- Greater time efficiency (a quality BI tool can help you be more efficient at report generation, finding new sales opportunities and identifying ways to reduce costs)
- A better business focus (you and your staff can align the insights from a BI tool with key business objectives so everyone is on the same page).
In the below graph taken from BARC BI 15, Phocas Software has been ranked as the #1 vendor for ‘Business Benefits’ across all three regions (the Americas, Asia-Pacific and Europe as well as the Middle East and Africa) by users of business intelligence tools. This includes vendors with a higher market share such as Qlik and Tableau. The rankings for EMEA are listed below.
Price-to-value perception is based on how users rate their BI tool in terms of the cost vs the value the tool brings to the organization. For many smaller and medium sized businesses, Phocas is a far more cost effective option than some of the more well-known BI vendors. Phocas is widely regarded in the industry for being easy to use and as a result, employees across a business can get full value out of the tool with limited training. BARC's price-to-value perception rating for the Americas region is listed below:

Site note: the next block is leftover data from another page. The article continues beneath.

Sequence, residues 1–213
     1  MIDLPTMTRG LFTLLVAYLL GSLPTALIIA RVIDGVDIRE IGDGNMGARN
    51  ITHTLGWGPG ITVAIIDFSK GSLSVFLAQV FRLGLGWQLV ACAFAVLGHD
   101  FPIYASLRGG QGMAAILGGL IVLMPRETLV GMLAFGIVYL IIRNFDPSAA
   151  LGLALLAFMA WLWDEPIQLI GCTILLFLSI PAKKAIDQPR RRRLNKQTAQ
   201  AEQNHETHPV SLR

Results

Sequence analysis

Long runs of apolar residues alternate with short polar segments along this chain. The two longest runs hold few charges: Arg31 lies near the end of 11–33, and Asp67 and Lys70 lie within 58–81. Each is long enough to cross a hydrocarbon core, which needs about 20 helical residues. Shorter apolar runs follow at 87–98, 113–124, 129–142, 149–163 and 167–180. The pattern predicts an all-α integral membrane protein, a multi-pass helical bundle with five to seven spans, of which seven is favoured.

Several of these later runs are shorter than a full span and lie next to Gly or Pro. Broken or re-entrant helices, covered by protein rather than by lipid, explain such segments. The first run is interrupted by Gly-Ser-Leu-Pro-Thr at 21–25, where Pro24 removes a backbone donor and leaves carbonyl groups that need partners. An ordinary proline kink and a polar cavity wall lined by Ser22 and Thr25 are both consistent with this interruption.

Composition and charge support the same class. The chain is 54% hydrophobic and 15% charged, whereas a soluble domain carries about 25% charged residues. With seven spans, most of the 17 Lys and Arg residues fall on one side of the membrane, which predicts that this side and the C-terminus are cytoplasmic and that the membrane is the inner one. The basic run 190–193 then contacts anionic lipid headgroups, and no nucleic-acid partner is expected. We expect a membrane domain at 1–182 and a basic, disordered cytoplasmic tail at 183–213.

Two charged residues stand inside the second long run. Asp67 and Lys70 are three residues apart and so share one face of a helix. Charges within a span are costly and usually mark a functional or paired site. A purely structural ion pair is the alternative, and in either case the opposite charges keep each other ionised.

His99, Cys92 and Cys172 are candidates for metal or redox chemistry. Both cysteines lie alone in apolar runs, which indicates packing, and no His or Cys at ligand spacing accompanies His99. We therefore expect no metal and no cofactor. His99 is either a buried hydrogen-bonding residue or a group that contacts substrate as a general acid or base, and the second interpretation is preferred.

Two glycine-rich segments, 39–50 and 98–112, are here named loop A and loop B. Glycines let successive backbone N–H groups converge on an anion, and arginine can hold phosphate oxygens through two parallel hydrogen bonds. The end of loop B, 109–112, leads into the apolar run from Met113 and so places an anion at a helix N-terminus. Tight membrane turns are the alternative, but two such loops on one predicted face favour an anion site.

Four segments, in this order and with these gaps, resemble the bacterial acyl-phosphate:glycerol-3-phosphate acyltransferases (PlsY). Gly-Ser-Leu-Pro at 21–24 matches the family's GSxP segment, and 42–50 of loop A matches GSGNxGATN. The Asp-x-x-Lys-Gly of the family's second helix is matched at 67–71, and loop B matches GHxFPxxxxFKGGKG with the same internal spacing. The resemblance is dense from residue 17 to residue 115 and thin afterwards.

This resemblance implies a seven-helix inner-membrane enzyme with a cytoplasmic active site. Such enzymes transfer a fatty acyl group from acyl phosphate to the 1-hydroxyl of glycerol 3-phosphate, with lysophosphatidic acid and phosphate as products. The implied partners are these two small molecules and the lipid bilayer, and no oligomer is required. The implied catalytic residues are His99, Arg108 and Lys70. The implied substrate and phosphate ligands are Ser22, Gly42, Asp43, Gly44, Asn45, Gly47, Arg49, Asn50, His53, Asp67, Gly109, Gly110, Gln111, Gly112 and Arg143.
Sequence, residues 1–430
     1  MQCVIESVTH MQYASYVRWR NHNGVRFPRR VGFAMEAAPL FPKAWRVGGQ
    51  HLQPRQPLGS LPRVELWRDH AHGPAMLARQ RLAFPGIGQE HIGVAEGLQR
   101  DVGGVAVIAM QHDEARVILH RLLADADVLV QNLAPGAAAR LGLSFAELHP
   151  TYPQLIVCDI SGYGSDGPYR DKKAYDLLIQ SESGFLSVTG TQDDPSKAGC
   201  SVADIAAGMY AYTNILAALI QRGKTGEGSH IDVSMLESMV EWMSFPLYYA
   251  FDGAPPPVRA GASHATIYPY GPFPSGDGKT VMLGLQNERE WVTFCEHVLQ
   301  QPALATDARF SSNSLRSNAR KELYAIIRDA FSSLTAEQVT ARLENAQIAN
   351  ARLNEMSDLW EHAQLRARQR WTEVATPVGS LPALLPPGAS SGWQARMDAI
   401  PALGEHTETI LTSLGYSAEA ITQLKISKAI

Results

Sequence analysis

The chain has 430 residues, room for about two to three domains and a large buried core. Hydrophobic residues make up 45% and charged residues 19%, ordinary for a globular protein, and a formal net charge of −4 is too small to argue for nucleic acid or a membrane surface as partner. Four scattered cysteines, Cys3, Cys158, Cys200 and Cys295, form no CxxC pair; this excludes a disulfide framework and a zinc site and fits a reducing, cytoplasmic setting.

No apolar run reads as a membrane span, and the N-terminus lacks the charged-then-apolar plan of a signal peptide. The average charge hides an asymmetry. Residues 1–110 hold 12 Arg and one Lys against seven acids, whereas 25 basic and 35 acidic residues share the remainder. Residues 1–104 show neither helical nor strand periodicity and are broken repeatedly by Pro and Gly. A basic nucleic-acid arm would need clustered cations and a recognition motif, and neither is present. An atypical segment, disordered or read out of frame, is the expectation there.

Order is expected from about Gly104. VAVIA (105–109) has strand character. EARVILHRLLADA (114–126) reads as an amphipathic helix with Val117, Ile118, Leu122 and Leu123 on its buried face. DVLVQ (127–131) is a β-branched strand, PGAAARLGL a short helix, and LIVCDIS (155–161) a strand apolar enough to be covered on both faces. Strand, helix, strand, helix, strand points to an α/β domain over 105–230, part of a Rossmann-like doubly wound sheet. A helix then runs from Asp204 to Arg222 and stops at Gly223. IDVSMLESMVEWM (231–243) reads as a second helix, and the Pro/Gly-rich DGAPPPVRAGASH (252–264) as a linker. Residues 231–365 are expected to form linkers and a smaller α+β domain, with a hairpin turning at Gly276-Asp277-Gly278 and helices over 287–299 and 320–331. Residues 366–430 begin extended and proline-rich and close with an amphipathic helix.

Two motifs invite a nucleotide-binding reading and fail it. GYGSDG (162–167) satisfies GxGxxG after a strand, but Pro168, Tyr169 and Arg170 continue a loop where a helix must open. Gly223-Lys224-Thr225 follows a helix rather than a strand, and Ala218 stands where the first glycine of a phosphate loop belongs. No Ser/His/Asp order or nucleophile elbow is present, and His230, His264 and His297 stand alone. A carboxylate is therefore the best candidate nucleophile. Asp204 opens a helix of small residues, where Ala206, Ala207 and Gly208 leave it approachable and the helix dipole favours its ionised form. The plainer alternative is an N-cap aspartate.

At a high level, the Customer Satisfaction metric assesses how satisfied customers are with their business intelligence tool. In BARC BI 15, Phocas received the highest ranking globally for customer satisfaction. BARC assesses customer satisfaction on a combination of the ‘Product satisfaction’, ‘Vendor support’ and ‘Implementer support’ KPIs. Phocas has a 97% retention rate of customers and we aim to provide a seamless customer experience when support is needed. BARC's customer satisfaction ratings for the Asia-Pacific region are listed below:
In addition to the above, other considerations and features that users are seeking in a business intelligence tool include:
- Mobile Business Intelligence: Driven by the need to access data ‘in the moment’, there has been a strong adoption for Mobile Business Intelligence (Mobile BI). The ubiquity of smartphones and tablets has led to a strong demand for Mobile BI, particular since 2012. Being able to pull up key business metrics in front of a customer, in a meeting or away from the office has proven to be one of the biggest benefits of Mobile BI and adoption is set to increase.
- Dashboards and data visualizations: Dashboards are visual displays of data which can be aligned to key performance indicators or be used to measure historical trends. Dashboards can pull real-time information from a number of sources and enable a decision maker to have a bird's eye view of business activity.
- Project length: Many businesses in need of a business intelligence solution do not have large time or resources to spend on a BI project. As a result, there is an increasing demand for a quick implementation. In 2015, implementing a leading BI solution such as Phocas into a business can be done in a matter of days.
Join us in part 3 as we explore the future of business intelligence and discuss where the industry might be headed.